My first week in Boston has come and gone, with 51 more weeks to fill in with the affectations and missteps of living. My ninth year is in full swing.

I’ve spent this first week traversing the city, partially as a means of finding work (which I likely already have; more on that another time), but mostly just to gain a sense of place within the boundaries of this historic, rumbling city. Boston feels gigantic compared to New Orleans despite the fact that, in square miles, Crescent City is roughly 3.5 times the land mass of Beantown. The size of a city is never about square millage, though. It’s about the people. Boston’s population is 3 times that of New Orleans, and that density gives this city its heft.

That’s a good thing in my book, by the way. The highest achievement of humanity is the teaming metropolis. Almost all of our greatest technology and much of our most inspired creativity has come not from the loner living in isolation, but from the collective might of diverse minds congregating in the wondrous humanist cathedrals.


A chief benefit of living in a geographically compact city that houses a large population (21st most populous in the US), is that one can walk for miles. While New Orleans has beautiful houses and historical neighborhoods, there are swaths of land that are either rundown or completely abandoned, and definitely not an ideal place for a solitary walk (especially at night). The same could be said of Nashville.

Alternatively, Seattle is the most walkable city I’ve lived in. With its population on par with Boston and square millage almost double the size, it never felt crowded but it also put all of its space to admirable use. My only experience of Boston’s density, so far, was packing into a stuffed subway car on Red Sox game day. I frequently had similar experiences in Chicago, living just one Red Line stop up from Wrigleyville. I suspect there will be days where getting back and forth from work will feel like being in the middle of a mosh pit.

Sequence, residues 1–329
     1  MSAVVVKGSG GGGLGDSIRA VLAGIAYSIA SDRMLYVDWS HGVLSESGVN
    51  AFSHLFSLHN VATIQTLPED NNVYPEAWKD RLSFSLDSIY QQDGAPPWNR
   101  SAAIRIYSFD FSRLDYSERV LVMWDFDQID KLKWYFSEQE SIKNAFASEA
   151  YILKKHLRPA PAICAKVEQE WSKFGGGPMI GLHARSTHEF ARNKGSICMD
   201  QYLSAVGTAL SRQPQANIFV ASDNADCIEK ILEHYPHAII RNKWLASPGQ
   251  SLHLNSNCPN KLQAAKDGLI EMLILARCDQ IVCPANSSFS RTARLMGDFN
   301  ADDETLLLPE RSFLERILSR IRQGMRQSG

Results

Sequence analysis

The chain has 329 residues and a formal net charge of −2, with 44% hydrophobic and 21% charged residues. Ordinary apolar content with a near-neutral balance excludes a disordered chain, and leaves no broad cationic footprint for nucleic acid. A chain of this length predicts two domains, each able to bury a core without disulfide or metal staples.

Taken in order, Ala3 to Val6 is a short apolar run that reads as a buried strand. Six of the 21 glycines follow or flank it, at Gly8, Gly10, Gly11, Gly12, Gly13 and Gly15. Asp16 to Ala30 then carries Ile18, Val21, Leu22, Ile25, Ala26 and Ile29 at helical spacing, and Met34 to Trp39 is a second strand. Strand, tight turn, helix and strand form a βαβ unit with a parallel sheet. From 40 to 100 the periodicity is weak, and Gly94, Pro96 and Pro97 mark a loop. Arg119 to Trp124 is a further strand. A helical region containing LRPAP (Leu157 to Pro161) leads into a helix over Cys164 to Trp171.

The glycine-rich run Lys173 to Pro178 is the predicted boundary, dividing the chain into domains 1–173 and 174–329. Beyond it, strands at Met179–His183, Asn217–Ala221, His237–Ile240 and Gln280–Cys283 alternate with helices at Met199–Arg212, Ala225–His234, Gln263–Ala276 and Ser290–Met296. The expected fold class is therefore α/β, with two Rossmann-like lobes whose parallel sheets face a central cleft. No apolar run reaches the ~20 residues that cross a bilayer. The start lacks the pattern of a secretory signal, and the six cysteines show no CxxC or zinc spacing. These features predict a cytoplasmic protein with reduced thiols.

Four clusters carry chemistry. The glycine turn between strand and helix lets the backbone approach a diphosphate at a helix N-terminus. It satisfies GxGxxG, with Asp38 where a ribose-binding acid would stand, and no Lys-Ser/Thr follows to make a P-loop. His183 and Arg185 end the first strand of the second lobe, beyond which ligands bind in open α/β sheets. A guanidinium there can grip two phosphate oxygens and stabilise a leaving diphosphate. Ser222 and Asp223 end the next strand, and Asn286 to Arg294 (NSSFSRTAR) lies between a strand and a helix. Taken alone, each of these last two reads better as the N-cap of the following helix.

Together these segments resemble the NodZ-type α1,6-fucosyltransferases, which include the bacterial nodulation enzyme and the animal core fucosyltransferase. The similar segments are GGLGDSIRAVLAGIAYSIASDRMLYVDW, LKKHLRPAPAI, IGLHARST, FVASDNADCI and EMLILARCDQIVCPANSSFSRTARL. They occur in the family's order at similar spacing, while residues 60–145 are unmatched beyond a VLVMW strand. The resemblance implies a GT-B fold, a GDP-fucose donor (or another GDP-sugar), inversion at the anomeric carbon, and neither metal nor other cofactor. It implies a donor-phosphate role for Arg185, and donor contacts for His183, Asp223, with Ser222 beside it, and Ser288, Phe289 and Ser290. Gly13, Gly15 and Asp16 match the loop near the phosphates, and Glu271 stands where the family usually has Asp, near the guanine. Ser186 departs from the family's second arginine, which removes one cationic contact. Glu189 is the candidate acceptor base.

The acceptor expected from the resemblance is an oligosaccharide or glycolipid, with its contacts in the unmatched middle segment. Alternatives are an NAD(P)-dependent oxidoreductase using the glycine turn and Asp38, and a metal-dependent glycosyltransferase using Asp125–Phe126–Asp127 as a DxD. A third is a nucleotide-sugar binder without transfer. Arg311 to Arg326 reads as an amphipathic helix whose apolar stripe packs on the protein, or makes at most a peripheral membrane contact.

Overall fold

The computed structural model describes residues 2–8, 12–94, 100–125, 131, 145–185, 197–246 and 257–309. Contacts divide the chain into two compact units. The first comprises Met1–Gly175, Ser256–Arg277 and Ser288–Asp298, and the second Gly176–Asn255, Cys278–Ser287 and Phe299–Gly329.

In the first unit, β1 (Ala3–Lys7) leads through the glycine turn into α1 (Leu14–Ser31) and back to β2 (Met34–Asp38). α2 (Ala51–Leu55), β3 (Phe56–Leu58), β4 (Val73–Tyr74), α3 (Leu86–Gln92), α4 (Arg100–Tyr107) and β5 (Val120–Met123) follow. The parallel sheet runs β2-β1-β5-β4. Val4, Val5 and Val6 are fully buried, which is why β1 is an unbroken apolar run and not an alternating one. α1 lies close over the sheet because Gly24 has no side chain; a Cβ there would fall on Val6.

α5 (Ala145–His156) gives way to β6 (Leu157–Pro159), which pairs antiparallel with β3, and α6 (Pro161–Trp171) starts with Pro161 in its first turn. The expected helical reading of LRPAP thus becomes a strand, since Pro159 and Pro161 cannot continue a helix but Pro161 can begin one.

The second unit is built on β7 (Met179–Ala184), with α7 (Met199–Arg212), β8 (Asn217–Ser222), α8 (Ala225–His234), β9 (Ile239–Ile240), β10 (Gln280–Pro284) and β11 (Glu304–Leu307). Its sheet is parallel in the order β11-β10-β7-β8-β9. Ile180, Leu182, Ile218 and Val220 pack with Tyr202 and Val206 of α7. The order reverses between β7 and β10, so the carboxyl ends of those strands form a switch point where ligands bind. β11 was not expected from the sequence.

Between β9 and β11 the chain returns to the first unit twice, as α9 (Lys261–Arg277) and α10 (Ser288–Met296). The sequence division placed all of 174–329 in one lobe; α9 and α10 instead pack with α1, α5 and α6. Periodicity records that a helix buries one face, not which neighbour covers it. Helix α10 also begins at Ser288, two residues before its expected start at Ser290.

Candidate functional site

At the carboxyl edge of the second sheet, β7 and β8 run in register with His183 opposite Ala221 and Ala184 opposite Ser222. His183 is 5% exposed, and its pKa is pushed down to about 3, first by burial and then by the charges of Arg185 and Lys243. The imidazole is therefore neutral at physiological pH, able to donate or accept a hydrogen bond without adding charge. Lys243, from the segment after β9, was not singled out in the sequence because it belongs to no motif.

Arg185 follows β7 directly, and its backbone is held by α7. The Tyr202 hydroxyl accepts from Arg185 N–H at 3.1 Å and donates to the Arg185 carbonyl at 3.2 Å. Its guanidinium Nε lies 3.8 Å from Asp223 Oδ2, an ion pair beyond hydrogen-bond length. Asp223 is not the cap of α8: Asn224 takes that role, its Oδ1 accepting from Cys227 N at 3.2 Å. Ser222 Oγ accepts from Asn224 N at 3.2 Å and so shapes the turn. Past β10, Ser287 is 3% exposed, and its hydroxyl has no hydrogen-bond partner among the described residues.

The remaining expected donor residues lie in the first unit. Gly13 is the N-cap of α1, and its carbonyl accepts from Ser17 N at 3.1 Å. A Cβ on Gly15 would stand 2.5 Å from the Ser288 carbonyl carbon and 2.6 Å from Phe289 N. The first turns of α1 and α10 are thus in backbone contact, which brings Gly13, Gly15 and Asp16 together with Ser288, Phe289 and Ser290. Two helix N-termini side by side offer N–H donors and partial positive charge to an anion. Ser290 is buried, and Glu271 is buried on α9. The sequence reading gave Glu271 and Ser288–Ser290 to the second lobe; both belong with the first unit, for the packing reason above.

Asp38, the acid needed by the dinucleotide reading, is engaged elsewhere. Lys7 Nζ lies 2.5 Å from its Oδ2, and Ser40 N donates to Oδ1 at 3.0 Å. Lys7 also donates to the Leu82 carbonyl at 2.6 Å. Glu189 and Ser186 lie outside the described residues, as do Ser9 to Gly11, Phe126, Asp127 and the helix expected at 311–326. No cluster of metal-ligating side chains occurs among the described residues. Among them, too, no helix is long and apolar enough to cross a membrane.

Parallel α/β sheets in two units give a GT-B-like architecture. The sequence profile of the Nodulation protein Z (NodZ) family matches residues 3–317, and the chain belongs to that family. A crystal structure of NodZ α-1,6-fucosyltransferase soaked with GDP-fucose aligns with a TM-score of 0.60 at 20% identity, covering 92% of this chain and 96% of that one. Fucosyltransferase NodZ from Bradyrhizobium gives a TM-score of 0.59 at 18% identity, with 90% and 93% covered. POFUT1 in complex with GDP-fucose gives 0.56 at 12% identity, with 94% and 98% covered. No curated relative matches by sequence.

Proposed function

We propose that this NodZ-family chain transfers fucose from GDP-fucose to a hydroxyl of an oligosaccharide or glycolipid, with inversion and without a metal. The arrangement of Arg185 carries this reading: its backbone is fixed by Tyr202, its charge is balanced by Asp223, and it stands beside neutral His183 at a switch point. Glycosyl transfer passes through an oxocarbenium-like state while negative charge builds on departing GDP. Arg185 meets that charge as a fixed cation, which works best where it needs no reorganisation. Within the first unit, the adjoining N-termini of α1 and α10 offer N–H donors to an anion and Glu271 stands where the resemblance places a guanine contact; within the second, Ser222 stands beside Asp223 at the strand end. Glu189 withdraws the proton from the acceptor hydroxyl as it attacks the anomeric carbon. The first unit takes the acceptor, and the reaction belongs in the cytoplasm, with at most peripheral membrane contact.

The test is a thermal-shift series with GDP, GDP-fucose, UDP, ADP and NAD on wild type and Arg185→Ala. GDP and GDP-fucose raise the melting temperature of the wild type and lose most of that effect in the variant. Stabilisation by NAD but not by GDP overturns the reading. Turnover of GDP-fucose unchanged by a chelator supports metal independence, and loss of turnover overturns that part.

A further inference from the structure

That is the price of living in a melting pot, and a price I’m happy to pay.

There are many factors that contribute to a city’s walkability. Obvious ones include having properly maintained sidewalks and walking paths, well-lit areas for night walking and a general openness to pedestrians. Those are the basics, and Boston has them. Additionally, a city is walkable if each neighborhood has points of interest. Not every neighborhood has to have bars and restaurants or shopping, but if it’s going to lean suburban than it should at least have nice parks or interesting architecture, something attractive for the eye and mind.

I live in Allston, which is anything but suburban, as it is essentially the off-campus living hub for most of the many, many universities based in Boston and Cambridge. College campuses often have notoriety for being dangerous places, and there are certainly dangers (especially for women) to be found in the darkened corners. However, a campus is probably the safest place, statistically, that a person can find themselves, with their bevy of local security and streetlamps. Allston is grubbier and less manicured than a college campus, but it still has that ‘living in a bubble’ vibe that campuses radiate. This only increases the walkability.

Generally, I’ve never let warnings and risk of harm keep me from walking home drunk through a “bad” neighborhood, but I will admit that some cities have made for more carefree walking excursions. Does Boston have its perilous areas? For sure. But when I walk out of my apartment, I see an ocean of fresh-faced coeds and I feel like the dangerous one.

On top of that, Boston has some truly gorgeous sights. The Charles River at sunset is a work of beauty, as is the majestic skyline that testifies to mankind’s ingenuity. Whether walking at midday or well after dark, Boston has pleasures to behold for the wanderer.

Will Boston prove to have the walkability of Seattle? It’s too early to say, but so far I like its potential. When I go on walks, I’ll usually say I’m going to write because most of my best ideas have come out of setting off with music in my ears and an unexplored neighborhood before me and letting inspiration stir. Having a brand new city to explore excites me, not only for the pleasure of discovery, but because in that exploration lies the nutrients for my creativity.

I have a long/short year ahead of me, and plenty of miles to walk before I’m in New York. My first week was merely the amuse-bouche, but it has me anticipating the full meal.

Keep checking in throughout the year as I provide my thoughts on Boston, living in modern America and whatever other topics my peripatetic feet lead me to consider. And, of course, follow me on Twitter if that’s your thing.

Fenway Park Sunny Day